A Spontaneous Stereotype Content Model: Taxonomy, Properties, and Prediction

Gandalf Nicolas, Xuechunzi Bai, Susan T. Fiske

Research output: Contribution to journalArticlepeer-review

21 Scopus citations


The spontaneous stereotype content model (SSCM) describes a comprehensive taxonomy, with associated properties and predictive value, of social-group beliefs that perceivers report in open-ended responses. Four studies (N =1,470) showthe utility of spontaneous stereotypes, compared to traditional, prompted, scale-based stereotypes. Using natural language processing text analyses, Study 1 shows the most common spontaneous stereotype dimensions for salient social groups. Our results confirm existing stereotype models’ dimensions, while uncovering a significant prevalence of dimensions that these models do not cover, such as Health, Appearance, and Deviance. The SSCM also characterizes the valence, direction, and accessibility of reported dimensions (e.g., Ability stereotypes are mostly positive, but Morality stereotypes are mostly negative; Sociability stereotypes are provided later than Ability stereotypes in a sequence of open-ended responses). Studies 2 and 3 check the robustness of these findings by: using a larger sample of social groups, varying time pressure, and diversifying analytical strategies. Study 3 also establishes the value of spontaneous stereotypes: compared to scales alone, open-ended measures improve predictions of attitudes toward social groups. Improvement in attitude prediction results partially from a more comprehensive taxonomy as well as a construct we refer to as stereotype representativeness: the prevalence of a stereotype dimension in perceivers’ spontaneous beliefs about a social group. Finally, Study 4 examines how the taxonomy provides additional insight into stereotypes’ influence on decision-making in socially relevant scenarios.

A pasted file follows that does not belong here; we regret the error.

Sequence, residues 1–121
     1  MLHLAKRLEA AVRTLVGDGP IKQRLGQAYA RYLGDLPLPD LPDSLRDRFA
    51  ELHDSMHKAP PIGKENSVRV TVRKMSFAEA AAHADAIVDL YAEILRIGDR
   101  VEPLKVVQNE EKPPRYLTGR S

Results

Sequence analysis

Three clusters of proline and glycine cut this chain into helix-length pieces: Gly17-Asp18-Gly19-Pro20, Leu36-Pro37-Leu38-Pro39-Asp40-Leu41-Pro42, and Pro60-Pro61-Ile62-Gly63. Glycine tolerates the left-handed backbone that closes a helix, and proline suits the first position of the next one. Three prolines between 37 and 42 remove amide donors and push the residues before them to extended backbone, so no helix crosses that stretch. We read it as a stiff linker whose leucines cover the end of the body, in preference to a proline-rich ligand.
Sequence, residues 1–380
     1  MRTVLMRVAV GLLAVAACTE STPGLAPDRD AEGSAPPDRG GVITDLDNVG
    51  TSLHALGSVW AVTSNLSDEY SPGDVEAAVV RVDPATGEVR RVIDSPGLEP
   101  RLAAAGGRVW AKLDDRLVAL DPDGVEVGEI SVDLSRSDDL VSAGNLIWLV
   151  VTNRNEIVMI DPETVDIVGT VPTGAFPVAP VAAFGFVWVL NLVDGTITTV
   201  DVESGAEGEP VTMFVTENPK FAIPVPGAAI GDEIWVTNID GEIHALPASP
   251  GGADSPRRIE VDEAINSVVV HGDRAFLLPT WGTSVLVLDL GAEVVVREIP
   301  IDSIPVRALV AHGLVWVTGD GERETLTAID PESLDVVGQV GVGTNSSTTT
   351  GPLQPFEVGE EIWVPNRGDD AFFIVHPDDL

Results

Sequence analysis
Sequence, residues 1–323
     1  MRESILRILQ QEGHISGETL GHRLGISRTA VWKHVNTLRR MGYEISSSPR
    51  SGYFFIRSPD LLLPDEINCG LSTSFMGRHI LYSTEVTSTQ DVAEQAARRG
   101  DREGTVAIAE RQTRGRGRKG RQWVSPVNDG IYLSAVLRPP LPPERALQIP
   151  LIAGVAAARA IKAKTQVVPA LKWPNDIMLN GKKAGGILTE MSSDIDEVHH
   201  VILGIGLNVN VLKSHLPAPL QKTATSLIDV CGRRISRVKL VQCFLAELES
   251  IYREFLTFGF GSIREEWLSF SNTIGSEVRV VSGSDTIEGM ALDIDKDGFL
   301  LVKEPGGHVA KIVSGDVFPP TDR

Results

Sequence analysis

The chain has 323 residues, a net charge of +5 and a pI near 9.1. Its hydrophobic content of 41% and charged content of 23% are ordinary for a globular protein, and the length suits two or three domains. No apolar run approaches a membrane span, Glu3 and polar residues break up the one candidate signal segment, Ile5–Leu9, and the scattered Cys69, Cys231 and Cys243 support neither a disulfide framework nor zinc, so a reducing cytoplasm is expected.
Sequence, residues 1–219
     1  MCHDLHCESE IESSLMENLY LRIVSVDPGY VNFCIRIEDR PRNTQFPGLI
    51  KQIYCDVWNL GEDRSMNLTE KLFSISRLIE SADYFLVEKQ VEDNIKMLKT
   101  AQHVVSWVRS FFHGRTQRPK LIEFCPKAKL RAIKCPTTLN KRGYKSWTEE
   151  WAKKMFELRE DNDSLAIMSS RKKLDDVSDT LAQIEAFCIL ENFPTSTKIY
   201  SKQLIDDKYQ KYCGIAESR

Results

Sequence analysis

Original languageEnglish (US)
Pages (from-to)1243-1263
Number of pages21
JournalJournal of personality and social psychology
Issue number6
StatePublished - May 5 2022

All Science Journal Classification (ASJC) codes

  • Social Psychology
  • Sociology and Political Science


  • Intergroup relations
  • Natural language processing
  • Social cognition
  • Stereotype content
  • Text analysis


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